by Mitch Kokai
Senior Political Analyst, John Locke Foundation
Dr. Anthony Fauci confessed to lawmakers Tuesday that guidelines to keep six feet of separation — ostensibly to limit the spread of COVID-19 — “sort of just appeared” without scientific input.
Fauci, 83, revealed to the House Select Subcommittee on the Coronavirus Pandemic that the “six feet apart” recommendation championed by him and other US public health officials was “likely not based on scientific data,” according to Chairman Brad Wenstrup (R-Ohio), who is also a physician.
Schools nationwide remained closed well into the second year of the pandemic as a result of the social distancing guidelines, which were disputed by both research studies and other health officials.
“It never struck me that six feet was particularly sensical in the context of mitigation,” Dr. Ashish Jha, the dean of the Brown University School of Public Health who served as President Biden’s COVID response coordinator for 15 months, told the New York Times in March 2021.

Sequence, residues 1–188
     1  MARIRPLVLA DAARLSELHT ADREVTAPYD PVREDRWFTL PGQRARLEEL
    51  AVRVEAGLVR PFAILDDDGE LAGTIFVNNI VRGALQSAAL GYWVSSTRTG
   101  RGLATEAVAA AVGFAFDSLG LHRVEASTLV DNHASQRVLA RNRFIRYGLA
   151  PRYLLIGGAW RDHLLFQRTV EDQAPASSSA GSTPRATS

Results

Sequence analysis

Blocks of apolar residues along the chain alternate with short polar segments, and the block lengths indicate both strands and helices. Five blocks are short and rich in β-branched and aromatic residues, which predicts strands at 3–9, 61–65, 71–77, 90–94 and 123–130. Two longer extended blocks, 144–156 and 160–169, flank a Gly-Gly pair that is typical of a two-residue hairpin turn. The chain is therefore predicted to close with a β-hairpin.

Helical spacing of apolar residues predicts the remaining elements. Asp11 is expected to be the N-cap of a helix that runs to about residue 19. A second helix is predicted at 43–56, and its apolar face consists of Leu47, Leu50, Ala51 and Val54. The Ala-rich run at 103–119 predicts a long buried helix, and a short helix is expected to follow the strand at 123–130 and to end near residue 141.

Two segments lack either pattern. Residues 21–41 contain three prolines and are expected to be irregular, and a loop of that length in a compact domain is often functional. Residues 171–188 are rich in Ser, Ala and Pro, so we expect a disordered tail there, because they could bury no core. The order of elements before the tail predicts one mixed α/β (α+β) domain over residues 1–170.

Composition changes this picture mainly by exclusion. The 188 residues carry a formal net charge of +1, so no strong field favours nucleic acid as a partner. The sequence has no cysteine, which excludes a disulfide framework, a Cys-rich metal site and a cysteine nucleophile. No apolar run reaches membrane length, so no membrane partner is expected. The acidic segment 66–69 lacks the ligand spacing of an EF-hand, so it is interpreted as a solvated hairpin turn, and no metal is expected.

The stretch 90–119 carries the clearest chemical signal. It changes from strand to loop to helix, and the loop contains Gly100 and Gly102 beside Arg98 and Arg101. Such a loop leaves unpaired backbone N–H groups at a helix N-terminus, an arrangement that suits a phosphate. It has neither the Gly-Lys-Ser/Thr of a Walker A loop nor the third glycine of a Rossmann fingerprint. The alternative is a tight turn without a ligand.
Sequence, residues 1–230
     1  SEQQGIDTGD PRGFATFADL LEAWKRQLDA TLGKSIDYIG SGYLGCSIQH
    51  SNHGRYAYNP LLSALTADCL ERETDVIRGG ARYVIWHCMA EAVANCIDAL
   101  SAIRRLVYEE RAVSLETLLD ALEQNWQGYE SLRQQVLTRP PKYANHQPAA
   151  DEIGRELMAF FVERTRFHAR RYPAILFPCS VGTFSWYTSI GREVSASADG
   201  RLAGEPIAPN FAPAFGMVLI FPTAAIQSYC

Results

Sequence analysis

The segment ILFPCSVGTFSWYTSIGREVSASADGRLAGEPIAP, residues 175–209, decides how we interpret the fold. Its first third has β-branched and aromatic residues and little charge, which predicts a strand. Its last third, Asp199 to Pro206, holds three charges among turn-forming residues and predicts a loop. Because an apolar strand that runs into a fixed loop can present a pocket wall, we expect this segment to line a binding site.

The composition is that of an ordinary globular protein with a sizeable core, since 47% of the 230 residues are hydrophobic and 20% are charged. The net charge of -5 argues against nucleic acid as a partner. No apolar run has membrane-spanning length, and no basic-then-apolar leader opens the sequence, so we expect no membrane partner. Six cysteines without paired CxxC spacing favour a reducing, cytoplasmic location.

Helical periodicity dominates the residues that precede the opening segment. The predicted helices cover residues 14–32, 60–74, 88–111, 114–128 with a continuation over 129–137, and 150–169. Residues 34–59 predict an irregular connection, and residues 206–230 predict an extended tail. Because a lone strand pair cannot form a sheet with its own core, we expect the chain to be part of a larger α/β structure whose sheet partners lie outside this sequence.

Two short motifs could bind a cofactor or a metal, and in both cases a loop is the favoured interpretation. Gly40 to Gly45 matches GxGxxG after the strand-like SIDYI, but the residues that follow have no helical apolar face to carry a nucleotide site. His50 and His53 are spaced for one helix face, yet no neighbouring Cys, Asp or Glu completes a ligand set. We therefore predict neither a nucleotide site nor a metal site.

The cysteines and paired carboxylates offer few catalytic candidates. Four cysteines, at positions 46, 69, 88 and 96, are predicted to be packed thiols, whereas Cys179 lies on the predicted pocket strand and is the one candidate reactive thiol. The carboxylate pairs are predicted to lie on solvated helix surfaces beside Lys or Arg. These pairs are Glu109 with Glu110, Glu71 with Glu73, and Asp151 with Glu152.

“I wish the CDC would just come out and say this is not a major issue.”
Asked about a study in Massachusetts schools that found just three feet of distance between students resulted in “similar” COVID case rates, Fauci said the same month the Centers for Disease Control and Prevention was “very carefully” reviewing the data and would “likely” update them.
A top White House adviser to two presidential administrations, Fauci’s transcribed interview before the House COVID panel “revealed systemic failures in our public health system and shed light on serious procedural concerns with our public health authority,” according to Wenstrup.
Those “failures” included foisting vaccination mandates on schools and businesses.
“After two days of testimony and 14 hours of questioning, many things became evident. During his interview today, Dr. Fauci claimed that the policies and mandates he promoted may unfortunately increase vaccine hesitancy for years to come,” Wenstrup said.